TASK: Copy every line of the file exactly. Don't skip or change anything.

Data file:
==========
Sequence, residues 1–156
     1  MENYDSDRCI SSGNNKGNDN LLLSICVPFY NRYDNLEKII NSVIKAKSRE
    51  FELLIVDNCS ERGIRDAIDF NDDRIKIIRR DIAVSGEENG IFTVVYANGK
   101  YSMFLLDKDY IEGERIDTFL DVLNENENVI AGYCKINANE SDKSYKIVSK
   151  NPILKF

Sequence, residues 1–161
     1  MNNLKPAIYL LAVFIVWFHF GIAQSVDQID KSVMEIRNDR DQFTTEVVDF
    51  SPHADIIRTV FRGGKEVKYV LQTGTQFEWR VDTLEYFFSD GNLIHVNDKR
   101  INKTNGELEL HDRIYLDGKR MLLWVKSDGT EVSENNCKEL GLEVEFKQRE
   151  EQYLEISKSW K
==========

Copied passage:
Sequence, residues 1–156
     1  MENYDSDRCI SSGNNKGNDN LLLSICVPFY NRYDNLEKII NSVIKAKSRE
    51  FELLIVDNCS ERGIRDAIDF NDDRIKIIRR DIAVSGEENG IFTVVYANGK
   101  YSMFLLDKDY IEGERIDTFL DVLNENENVI AGYCKINANE SDKSYKIVSK
   151  NPILKF

Sequence, residues 1–161
     1  MNNLKPAIYL LAVFIVWFHF GIAQSVDQID KSVMEIRNDR DQFTTEVVDF
    51  SPHADIIRTV FRGGKEVKYV LQTGTQFEWR VDTLEYFFSD GNLIHVNDKR
   101  INKTNGELEL HDRIYLDGKR MLLWVKSDGT EVSENNCKEL GLEVEFKQRE
   151  EQYLEISKSW K